CNS and psychomotor delay may occur during the first year of life, developmental delay (in patients aged 2-3 years), psychiatric symptoms, pyramidal symptoms including muscle weakness may occur. However thromboembolic events, such as cerebrovascular occlusions or pulmonary emboli are more common in adults than in children2. The risk of thromboembolism is known to increase after surgical procedures. Various mechanisms seem to operate to increase the risk of thromboembolism. These include enhancing activity of coagulation factors (V,XII), altering the antithrombotic function of endothelium by depressing the level of antithrombotic factors or endothelial derived nitric oxide, increased platelet adhesiveness, elevated blood viscosity and mean arterial pressure. Vascular occlusive disease is an important and serious feature and may result in renal infarction and cor pulmonale4. Homocystinuria produces high concentrations of amino acids that are competitive inhibitors of tyrosinase which leads to decreased melanin and manifests as malar rashes and fragile hair. The screening test is the cyanide nitroprusside reaction in the urine. Diagnosis is confirmed by analysis of methionine, homocysteine, and cystathionine levels. Medical care varies according to age of diagnosis. There are currently three recognised modalities of treatment;5

  1. Pyridoxine
  2. Methionine restricted, cysteine-supplemented diets (max 500 mg/d.) Folic acid and Vit B12 are used in partial responders.
  3. Betaine (3-methylglycine) is used in pyridoxine resistant patients.

Treatment response should be monitored by serial serum homocysteine level.

Anesthetic Considerations:

A)  Prevention of thromboembolism3,5,6– Preoperative measures include Dietary measures to lower or control serum methionine and homocystine levels, adequate preoperative intravenous hydration and pharmacological measures including administration of low dose aspirin, dipyridamole and low molecular weight heparin should be done. Any drug that may predispose to a hypercoaguable state e.g. oral contraceptives should be avoided. Intraoperative measures: include: maintenance of intraoperative cardiac output, pneumatic stockings to prevent peripheral stagnation of blood, use of dextran 40 and early ambulation in postoperative period.

B)  Maintenance of high cardiac output and rapid circulation time.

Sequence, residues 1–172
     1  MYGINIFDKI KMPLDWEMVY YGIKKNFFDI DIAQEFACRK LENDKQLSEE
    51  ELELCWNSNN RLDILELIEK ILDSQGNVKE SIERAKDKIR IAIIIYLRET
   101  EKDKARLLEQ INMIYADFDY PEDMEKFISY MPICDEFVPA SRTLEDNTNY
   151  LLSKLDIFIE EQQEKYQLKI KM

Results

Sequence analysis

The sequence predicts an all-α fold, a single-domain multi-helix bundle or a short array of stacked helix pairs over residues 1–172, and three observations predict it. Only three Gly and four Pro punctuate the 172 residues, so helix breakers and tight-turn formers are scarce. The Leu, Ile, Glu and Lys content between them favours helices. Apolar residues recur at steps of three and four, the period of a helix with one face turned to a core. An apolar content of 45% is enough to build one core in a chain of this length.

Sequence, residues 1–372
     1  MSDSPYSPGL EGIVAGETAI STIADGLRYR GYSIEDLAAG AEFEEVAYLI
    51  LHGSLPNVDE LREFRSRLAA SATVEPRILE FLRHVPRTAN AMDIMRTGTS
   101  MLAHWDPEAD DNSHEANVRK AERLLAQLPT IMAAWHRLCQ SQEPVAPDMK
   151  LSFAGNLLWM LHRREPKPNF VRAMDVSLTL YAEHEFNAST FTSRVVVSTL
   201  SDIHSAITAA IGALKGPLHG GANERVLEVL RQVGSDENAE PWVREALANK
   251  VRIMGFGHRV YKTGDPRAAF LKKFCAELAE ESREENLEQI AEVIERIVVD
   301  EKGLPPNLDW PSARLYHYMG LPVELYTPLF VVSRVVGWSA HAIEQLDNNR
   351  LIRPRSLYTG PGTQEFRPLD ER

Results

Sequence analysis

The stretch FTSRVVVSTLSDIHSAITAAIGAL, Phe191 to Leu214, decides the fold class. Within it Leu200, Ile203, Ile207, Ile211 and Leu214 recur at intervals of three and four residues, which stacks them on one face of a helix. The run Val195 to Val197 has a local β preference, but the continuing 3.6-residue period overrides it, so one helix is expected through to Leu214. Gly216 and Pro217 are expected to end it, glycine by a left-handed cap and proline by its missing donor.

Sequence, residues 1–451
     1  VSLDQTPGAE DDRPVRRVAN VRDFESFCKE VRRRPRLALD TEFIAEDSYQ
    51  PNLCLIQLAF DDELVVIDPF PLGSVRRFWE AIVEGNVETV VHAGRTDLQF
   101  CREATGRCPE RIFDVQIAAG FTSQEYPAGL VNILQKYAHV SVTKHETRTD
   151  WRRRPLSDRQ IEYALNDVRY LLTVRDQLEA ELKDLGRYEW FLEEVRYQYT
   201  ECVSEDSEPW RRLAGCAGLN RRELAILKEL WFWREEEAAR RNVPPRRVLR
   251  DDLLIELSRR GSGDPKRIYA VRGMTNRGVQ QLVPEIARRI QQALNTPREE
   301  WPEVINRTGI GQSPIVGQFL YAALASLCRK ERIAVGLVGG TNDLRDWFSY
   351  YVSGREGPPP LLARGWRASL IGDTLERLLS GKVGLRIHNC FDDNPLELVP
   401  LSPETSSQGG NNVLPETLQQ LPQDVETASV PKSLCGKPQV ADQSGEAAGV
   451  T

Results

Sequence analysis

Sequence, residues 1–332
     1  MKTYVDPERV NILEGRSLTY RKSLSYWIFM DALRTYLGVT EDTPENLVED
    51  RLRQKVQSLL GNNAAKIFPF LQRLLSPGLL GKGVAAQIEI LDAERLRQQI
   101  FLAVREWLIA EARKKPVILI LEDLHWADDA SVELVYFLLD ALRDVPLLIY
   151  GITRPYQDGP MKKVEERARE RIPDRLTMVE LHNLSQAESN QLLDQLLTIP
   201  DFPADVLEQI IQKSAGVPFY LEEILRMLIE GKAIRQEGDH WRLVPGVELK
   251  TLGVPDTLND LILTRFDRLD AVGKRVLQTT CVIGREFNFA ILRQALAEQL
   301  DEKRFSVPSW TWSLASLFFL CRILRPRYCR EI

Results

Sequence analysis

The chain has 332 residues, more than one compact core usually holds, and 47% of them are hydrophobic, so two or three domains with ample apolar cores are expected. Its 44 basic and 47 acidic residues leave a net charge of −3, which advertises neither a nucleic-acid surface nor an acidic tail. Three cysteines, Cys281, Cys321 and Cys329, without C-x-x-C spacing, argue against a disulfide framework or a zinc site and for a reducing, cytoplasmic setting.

C)  Good venous return- by adequate IV fluids and reduction of peripheral resistance.

D)  Avoid use of nitrous oxide – Nitrous oxide should be avoided in the anesthetic administration as N2O causes increase in the levels of blood homocystine by inhibiting methionine synthase7. Nitrous oxide induced increase in homocysteine levels was also associated with an increase in postoperative myocardial ischaemia8.

E)  Prevent hypoglycemia- The mechanism of hypoglycemia9 is that there is increased methionine leading to increased insulin release resulting in hypoglycemia. This may be prevented by reducing the period of fasting, perioperative administration of intravenous dextrose and monitoring of perioperative blood sugar levels.

F)  Rapid recovery and early ambulation- use short acting and rapidly metabolizing anesthetic drugs.

Conclusion

In summary,. Homocystine, because of its effect on platelet adhesiveness, may result in serious thromboembolic phenomena, especially following general anesthesia. To minimize these risks, special attention must be paid to the avoidance of dehydration and hypovolemia, giving drugs to reduce homocysteine level preoperatively and the maintenance of good venous return in addition to the early ambulation of the patient.

These patients postoperatively should be monitored for 36 – 48 hours for any thromboembolic event. Recognition and control of this condition before surgery and judicious management after surgery could reduce the anesthetic morbidity and mortality of these patients.

REFERENCES